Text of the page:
a machine with a clock running look like he's at a circa 1957 Times Square peep
show?) While the NFL slogs through a swamp littered with innumerable challenge
possibilities, including whether feet were inbounds, a knee touched the ground
or the ball penetrated an invisible plane along the goal line, NHL's Big
Brother sticks to goals.
As outlined in
rule 93, only six situations are subject to review, including a puck crossing
the line, a puck directed into the goal by a hand or foot, or a puck struck by
a high stick. There are admirable limits and a notable efficiency, something
that worked against the league in a controversial play during Game 6 of the
2004 final, when it appeared that Calgary's Martin G�linas had nudged the puck
past Tampa Bay goalie Nikolai Khabibulin. The refs ruled it was not a goal, and
a review was quickly called for. In the NHL system, when a no-goal ruling is
questioned, Murphy and his team have until the next stoppage of play to make a
correction. (When there's a question about a goal that's called good, the
ensuing face-off is delayed until the review can be completed.) Working on a
video system that had been set up in the arena, Murphy was able to confirm in
47 seconds that the refs were correct. "The problem was, we were too
quick," says Colin Campbell. "People thought we didn't even check it.
We had it. But if we'd made a big show of reviewing it, it would have been
better for us."
The NHL, of
course, is far from perfect, and some high-profile blunders paved the way for
the video room. The league was embarrassed in the 2000 playoffs when
Philadelphia's John LeClair blasted a shot through the side of the net, a
breach that the supervisor at the rink that day, John D'Amico, didn't detect
until play had long since resumed.
Even now the
system isn't foolproof--and not merely because it depends on the cameramen and
TV directors working each game. To underscore how difficult the job can be,
Murphy, the final arbiter on most nights, brought a clip of a disputed goal by
Oilers winger Ales Hemsky to the general managers' meeting near Las Vegas last
month. Twelve of the G.M.'s thought it should have been a goal and 18 didn't.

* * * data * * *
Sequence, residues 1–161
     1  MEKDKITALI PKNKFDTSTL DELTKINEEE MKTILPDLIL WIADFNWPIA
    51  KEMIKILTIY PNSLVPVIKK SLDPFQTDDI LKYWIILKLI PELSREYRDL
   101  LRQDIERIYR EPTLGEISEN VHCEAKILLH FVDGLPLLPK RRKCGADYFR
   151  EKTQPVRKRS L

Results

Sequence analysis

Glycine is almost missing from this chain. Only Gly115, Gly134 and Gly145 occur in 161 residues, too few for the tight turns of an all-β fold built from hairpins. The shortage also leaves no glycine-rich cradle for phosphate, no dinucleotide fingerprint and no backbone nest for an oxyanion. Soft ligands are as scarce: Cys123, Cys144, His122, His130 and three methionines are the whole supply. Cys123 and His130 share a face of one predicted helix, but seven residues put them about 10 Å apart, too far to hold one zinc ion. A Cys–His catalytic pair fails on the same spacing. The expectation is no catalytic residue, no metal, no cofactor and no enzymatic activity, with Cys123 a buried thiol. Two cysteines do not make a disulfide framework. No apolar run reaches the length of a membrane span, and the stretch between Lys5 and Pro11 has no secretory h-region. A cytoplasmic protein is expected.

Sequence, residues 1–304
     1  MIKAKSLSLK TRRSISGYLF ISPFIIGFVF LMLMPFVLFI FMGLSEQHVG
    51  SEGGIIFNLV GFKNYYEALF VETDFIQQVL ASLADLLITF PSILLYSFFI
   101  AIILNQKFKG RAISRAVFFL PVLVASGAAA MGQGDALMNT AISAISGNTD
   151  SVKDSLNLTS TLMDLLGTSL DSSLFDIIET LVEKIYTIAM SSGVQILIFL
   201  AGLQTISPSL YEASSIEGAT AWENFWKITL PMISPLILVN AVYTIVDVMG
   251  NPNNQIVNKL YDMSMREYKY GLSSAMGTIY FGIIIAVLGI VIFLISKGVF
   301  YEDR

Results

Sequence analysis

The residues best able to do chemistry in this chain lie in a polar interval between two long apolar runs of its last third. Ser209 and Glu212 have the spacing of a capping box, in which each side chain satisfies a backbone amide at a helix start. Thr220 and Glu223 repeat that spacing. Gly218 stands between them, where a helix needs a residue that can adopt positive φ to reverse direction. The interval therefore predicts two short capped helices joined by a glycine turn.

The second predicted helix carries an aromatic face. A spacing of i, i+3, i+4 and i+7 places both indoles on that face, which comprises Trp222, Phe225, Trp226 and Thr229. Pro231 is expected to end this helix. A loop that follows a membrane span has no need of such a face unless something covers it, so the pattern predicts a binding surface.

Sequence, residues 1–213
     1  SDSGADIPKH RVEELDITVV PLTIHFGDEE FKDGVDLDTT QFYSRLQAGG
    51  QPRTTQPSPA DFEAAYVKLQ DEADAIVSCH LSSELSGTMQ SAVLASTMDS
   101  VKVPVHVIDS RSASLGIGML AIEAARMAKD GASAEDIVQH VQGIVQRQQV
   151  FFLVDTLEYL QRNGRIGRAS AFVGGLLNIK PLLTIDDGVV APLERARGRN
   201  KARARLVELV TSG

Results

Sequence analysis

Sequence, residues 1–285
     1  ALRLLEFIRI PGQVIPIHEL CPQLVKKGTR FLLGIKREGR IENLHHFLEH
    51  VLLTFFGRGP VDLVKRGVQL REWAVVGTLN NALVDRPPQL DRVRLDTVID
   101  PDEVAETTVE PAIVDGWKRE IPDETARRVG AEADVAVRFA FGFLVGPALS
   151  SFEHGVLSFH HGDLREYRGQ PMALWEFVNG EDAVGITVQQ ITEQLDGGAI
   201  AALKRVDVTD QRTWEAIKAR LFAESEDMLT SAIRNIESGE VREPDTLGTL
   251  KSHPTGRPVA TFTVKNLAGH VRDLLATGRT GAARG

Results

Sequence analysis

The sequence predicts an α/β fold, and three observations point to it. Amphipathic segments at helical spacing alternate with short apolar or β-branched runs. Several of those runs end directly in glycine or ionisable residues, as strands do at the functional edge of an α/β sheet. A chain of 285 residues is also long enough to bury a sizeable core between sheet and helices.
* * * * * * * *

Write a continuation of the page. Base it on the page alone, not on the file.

(Murphy says it was a good goal.)
NHL even boots an easy one. On Jan. 21 in Calgary, Flames defenseman Robyn
Regehr kicked in a puck against the Sabres. The violation was spotted in
Toronto, but by the time the goal judge in the Saddledome was contacted, play
had resumed and thus the goal stood. (Later in the game Campbell called Buffalo
general manager Darcy Regier to apologize. The video goal judge in Calgary was
subsequently suspended for not calling Toronto.) Almost three quarters of the
way through the schedule Murphy counts only three other gaffes that have
slithered through the system, human imperfections in a game rife with them.
pizzas, salad and bottles of water, Murphy and his staff assume their places
before the plasma screens or LCD computer monitors. It is shortly after 7 p.m.,
a few minutes before the puck drops in the first of 10 games this night in
early March. Each man is assigned a game or two while Murphy, who covers
Vancouver- Nashville, coordinates. The principal task is to verify goals from
the various feeds--this night, only one of the overhead cameras in the Staples
Center is functioning--but they also log every penalty, note minutiae such as
how a linesman drops the puck on face-offs, and comment on the refereeing. If a
call strikes them as particularly egregious, or insightful, they will highlight
it and e-mail a clip to Stephen Walkom, the director of officiating, who will
check it out and perhaps send it on to his officials. For 17 minutes between
9:08 and 9:25 p.m., nine games are in progress. On the two picture-in-picture
plasmas, Murphy keeps an eye on a jigsaw puzzle of hockey. A novice can follow
one, two games. Murphy, an old hand, swallows multiple games whole on two